I’ve still got the sheet that was pinned to the notice board. “Wednesday 24 July. 3.30 pm. We are pleased to advise that Susan Wilson, famous Australian sculptor, will come and talk about art.” When she walked in I nearly died, which wouldn’t have surprised anyone. I was eighty-eight and I could have kicked the bucket anytime. I was my Susan! The girl I hadn’t talked to for close on fifty years. And it was all my fault. I closed my eyes and hung my head and the tears just fell. One of the girls noticed and wheeled me out of the activities room and back to my room. She didn’t ask me what the matter was. They just assume that we old buggers get emotional now and then. All she did was make me a cup of tea and pat my hand and say, “You’ll be all right , Jack. Just have a bit of a snooze and it will be better when you wake up.”
But I didn’t have a snooze. Two days stuck in my head. The first was that Saturday morning when I burst into her room and swore at her and told her to keep out of my workshop. And I told her to settle on becoming a nurse. The second day was when she threw all her welding into the dam.
I feel very guilty now about the way I behaved that first day, but back then I thought it was right. I was cross and angry. It had been about five bad years on the farm. In the two weeks leading up to that Saturday morning I had shot and buried three hundred of my sheep. The prices sheep were bringing then was less that the cost of transporting them to the sale yards. I know it was a waste but then I could see no way out. So if Susan didn’t get a decent job there was no future for her. That’s how I felt.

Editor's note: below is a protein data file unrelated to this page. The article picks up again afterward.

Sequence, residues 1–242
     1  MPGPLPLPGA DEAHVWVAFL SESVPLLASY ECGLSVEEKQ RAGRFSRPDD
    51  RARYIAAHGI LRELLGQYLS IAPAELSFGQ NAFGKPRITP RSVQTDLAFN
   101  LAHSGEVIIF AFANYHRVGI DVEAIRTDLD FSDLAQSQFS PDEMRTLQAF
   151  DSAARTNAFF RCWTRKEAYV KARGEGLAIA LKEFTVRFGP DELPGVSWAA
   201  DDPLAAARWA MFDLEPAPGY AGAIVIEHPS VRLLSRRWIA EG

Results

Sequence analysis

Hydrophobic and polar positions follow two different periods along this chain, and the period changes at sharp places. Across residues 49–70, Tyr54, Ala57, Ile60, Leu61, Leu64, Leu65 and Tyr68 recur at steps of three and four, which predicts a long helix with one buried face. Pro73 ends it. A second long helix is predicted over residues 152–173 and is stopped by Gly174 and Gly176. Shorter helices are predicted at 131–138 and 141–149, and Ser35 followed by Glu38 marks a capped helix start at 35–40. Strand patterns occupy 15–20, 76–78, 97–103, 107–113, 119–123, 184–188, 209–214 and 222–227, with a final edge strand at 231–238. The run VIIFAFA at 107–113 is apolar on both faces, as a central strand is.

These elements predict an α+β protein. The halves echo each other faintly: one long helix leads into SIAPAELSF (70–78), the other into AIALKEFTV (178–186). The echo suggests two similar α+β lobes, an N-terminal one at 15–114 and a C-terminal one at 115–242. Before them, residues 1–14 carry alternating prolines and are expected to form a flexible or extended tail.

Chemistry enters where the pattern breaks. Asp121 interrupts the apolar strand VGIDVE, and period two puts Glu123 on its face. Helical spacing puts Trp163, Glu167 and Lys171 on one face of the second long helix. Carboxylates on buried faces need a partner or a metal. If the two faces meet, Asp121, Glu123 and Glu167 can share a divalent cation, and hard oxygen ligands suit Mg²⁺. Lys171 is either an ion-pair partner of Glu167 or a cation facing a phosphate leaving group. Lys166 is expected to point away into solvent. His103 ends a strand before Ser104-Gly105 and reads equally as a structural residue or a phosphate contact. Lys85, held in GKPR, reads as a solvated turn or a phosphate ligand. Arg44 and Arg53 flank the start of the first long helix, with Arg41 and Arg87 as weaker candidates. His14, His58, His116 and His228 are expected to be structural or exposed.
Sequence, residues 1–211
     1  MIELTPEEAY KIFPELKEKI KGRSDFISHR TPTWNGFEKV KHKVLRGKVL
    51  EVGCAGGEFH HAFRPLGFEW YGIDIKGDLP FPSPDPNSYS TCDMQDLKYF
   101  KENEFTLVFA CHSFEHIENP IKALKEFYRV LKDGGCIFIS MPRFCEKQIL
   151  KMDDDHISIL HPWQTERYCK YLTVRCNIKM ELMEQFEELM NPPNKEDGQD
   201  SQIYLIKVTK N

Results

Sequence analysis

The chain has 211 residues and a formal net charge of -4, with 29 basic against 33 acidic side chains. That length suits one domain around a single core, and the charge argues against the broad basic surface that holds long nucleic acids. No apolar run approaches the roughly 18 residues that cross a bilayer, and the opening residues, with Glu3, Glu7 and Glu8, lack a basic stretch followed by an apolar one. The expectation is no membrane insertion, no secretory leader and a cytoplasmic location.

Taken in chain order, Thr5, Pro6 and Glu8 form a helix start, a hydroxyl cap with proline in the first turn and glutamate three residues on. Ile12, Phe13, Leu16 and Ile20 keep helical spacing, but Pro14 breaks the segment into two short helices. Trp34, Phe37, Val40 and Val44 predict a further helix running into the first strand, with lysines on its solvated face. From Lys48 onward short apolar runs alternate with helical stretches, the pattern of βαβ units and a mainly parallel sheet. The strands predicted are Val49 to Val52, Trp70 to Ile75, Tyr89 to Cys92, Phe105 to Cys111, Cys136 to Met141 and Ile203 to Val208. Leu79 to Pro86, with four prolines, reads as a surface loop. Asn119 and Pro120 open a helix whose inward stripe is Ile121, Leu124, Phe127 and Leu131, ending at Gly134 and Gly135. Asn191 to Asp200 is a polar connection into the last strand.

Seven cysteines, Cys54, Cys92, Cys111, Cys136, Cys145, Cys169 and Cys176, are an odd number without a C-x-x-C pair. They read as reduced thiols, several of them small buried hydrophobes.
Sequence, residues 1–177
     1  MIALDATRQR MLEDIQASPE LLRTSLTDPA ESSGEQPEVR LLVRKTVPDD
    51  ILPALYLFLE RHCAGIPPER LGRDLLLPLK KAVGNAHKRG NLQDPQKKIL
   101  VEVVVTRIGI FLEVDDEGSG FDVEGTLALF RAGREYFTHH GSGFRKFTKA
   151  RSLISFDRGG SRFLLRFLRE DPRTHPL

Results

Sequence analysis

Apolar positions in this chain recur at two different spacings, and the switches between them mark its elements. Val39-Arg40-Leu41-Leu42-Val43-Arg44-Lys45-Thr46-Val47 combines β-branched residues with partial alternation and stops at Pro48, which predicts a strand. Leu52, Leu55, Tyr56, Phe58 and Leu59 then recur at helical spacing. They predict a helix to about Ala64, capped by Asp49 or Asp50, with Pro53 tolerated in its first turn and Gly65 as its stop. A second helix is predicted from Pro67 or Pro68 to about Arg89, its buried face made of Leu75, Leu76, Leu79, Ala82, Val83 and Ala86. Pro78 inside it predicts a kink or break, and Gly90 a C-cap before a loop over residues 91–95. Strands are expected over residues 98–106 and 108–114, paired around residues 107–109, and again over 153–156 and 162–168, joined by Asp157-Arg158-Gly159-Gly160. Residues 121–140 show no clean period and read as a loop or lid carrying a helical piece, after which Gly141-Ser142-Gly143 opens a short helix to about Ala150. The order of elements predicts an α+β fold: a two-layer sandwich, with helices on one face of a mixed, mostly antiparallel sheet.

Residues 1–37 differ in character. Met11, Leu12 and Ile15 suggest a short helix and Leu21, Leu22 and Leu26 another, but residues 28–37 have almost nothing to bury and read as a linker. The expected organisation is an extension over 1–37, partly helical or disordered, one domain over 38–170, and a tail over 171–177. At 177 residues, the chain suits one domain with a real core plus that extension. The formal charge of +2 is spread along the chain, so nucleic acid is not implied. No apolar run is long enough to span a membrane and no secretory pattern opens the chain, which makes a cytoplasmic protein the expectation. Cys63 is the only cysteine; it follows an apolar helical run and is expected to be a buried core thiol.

The day she threw her welding in the dam I felt helpless and there was a seed of shame planted in my heart. As that seed burst into life and grew I could find no way to say sorry. Fifty years ago a man didn’t say sorry. It was a very difficult word to use. And even worse was to admit that you had been wrong.
Susan’s mother visited her and I asked her to tell Susan that I sent my love but she never responded. I don’t believe it was because she was mean-spirited but she had never heard me say that to her even when she was a baby. Some men have always found it difficult to express themselves in that way.
Ten years later we had about three years of drought and the dam dried out. And so I cleared all the rubbish that had fallen in over the years and the stuff that had been thrown in by Susan. But there was one piece that I saved; the first piece that seemed to me to actually say something. From that day on I followed her development as a real artist. I collected news cuttings and I visited showings of her work. Then the doctors told me how much time I had left. My GP said to me when all the results came back, “Well Jack, if there’s anything you have left that you need to do I reckon you’d better find a way of doing it. Sooner rather than never.”
So I told the nurse manager here at the home what I wanted and she organised with the Heidi Museum of Modern Art to let me make my little speech. That is what I did. And we have enjoyed being a father and daughter. At long bloody last.
But what a fool I was. I should have had the guts to go and talk with her and to say I was wrong. As I said; it takes a lot of courage to say sorry but I never had enough courage. She did. She accepted my apology and said thanks. Saying ‘thank you’ can take courage as well.
Just to allay the fears of the uninitiated, absolutely not one iota of this story is factual. But I like to think it could be true. If the reality interests you, you can go and look at Heide Museum of Modern Art